Steps to Conducting a Cybercrime Investigation
We’ve simplified the process in this article, but make no mistake – there is no cookie-cutter approach to cybercrime investigations. As cybercrime investigators, we must plan out each investigation based on the events of the intrusion.
As we move into the future, new technologies will emerge, new devices will be deployed, and new methodologies will be put into place. This is an ever-changing field, where you must constantly stay current. Ultimately, it is you, the client, who has the biggest impact on the outcome of the investigation.
This should give companies considering a cybercrime investigation some idea of the steps taken when conducting an investigation, such as that provided by our sister company, eForensix in New Jersey.
As a victim company hiring cybercrime investigators, it is important to understand what you need to expect from the individuals conducting the investigation for you.
Step 1: You will be advised on the need for a timely engagement.
Because of the volatile nature of potential evidence stored on some devices, evidence must be preserved or collected immediately. It’s also possible that the hacker is still accessing the network, ransomware is still encrypting data on computers, or the infection could spread to other third-parties, making you potentially liable. Therefore you should expect that your forensics team would like the project to start immediately due to the threat of these issues.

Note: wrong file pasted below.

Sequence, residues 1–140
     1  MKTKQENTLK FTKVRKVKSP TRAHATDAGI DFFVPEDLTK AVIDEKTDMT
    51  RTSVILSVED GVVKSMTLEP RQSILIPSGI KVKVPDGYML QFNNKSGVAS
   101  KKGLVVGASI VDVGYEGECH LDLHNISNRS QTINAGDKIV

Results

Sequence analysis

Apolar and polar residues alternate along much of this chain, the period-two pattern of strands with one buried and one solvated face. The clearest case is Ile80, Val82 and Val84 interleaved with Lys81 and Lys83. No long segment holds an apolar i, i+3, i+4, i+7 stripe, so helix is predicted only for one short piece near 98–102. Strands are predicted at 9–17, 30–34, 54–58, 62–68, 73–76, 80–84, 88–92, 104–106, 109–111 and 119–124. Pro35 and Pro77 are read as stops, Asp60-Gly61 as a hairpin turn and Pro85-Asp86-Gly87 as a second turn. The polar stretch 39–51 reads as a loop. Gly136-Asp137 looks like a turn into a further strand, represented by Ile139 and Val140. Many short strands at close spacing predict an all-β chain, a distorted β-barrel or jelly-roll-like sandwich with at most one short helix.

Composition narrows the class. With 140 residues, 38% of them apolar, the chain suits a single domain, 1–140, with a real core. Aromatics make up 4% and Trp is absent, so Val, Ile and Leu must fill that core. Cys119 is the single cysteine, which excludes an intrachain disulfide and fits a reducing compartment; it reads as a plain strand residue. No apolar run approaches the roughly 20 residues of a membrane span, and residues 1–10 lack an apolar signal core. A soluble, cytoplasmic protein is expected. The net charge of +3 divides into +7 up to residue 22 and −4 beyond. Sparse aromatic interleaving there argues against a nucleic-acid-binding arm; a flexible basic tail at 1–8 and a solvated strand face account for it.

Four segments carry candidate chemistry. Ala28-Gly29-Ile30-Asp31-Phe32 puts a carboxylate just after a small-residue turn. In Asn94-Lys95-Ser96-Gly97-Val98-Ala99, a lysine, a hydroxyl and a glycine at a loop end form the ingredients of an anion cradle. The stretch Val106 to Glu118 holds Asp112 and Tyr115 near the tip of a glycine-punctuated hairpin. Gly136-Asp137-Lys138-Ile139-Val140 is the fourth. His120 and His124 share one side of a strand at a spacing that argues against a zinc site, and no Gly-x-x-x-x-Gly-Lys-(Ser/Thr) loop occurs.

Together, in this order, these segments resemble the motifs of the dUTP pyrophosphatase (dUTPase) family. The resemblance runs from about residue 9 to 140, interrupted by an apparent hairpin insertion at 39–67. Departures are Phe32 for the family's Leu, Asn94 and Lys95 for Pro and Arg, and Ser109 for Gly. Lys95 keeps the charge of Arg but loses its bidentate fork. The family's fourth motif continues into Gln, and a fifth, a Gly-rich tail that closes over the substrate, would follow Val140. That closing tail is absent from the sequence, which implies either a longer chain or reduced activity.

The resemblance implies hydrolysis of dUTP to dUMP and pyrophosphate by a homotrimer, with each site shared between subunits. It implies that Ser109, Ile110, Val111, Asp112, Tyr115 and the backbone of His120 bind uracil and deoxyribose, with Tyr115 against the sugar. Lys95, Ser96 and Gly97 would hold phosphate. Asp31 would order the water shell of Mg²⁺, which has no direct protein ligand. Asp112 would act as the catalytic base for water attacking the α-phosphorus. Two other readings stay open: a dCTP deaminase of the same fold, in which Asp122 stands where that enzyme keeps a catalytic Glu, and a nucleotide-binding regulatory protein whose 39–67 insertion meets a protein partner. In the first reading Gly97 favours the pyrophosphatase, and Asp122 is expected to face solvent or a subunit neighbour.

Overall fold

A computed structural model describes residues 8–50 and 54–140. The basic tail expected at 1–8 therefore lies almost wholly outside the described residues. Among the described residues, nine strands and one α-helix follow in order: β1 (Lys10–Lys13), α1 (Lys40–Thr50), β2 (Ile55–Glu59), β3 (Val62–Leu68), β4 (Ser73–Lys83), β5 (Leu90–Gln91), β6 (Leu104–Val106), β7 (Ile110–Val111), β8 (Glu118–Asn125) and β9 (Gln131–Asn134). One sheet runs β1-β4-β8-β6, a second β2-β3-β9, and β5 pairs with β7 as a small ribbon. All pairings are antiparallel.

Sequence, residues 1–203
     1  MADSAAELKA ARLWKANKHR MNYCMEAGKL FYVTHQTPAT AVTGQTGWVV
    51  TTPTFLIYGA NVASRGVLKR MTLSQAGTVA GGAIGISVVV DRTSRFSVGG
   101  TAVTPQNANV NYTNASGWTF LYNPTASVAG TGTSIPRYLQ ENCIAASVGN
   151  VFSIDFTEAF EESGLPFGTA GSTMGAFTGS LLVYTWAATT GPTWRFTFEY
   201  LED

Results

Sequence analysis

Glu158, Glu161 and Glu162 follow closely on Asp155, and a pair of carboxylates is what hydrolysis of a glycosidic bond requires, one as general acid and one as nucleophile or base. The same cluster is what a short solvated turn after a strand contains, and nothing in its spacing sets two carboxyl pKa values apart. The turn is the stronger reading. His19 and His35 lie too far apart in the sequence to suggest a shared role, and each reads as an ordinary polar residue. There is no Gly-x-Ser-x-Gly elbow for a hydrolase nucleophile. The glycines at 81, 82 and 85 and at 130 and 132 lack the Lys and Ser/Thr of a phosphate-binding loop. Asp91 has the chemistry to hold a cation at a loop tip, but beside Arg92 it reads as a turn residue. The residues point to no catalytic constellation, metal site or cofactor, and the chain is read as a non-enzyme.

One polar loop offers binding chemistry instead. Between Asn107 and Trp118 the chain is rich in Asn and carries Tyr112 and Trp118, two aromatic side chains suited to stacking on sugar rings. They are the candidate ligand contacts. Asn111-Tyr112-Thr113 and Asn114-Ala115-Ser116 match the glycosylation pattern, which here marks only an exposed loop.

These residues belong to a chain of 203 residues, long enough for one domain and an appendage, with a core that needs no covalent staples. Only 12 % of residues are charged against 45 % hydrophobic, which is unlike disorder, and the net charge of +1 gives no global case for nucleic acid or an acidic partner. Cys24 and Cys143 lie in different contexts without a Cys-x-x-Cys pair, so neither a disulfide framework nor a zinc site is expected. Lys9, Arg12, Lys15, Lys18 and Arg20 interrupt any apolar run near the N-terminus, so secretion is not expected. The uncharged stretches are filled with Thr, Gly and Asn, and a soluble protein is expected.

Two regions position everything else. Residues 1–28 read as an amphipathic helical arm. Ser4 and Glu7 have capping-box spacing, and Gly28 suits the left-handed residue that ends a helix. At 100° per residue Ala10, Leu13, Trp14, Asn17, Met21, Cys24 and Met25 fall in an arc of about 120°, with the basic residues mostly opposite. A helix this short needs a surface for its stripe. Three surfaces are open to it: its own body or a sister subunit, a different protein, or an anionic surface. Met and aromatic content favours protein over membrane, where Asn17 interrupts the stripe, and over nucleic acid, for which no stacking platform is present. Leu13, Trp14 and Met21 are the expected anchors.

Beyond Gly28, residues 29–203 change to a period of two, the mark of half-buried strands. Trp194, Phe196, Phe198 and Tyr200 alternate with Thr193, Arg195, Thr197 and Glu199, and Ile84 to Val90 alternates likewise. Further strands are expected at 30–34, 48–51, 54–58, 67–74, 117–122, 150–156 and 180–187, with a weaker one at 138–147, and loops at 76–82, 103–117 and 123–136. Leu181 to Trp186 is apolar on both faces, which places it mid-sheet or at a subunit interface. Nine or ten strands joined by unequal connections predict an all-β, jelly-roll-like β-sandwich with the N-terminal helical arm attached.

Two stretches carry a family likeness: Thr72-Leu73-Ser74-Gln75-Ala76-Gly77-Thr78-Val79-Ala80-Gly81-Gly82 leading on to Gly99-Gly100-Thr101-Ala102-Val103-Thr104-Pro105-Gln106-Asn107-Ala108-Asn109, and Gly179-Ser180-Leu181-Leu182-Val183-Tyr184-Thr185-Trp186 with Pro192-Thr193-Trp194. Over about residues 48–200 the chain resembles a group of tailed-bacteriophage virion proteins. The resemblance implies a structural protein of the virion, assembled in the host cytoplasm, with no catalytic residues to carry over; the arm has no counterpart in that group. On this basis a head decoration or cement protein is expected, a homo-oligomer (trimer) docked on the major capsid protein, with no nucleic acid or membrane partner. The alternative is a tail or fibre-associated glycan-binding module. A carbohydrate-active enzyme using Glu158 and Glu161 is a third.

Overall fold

Step 2: You will be asked to identify all resources assigned to the response.
Prior to going onsite, the digital forensics company will want to know who else you have retained, and who will be working with their company. This allows them to identify the chain of command, as there can only be one leader. For example, if you have retained a cyber attorney, then the attorney should take the lead. They may look to the digital forensics firm for technical guidance, but the cyber attorney will make all the strategic and legal decisions.
Step 3: Digital forensics team will request all network documentation from you.
This includes, but is not limited to: network diagrams, inventory sheets identifying the number of workstations, the number of servers both physical and virtual, identification of all resources in-house or at a colocation facility, intrusion detection system (IDS) or intrusion prevention system (IPS) software, and virus mitigation.
Step 4: First day onsite.
The first day onsite is paramount to the investigation. Aside from digital forensics experts, those who need to be present include the cyber attorney if retained, IT personnel, and top company executives. If you have contracted with third-party support, make sure you have the IT support technicians onsite and not over the phone. The digital forensics team will then document all responses and identify the name of the person responding. A good intrusion consultant verifies everything they are told and we will certainly do that, taking nothing for granted..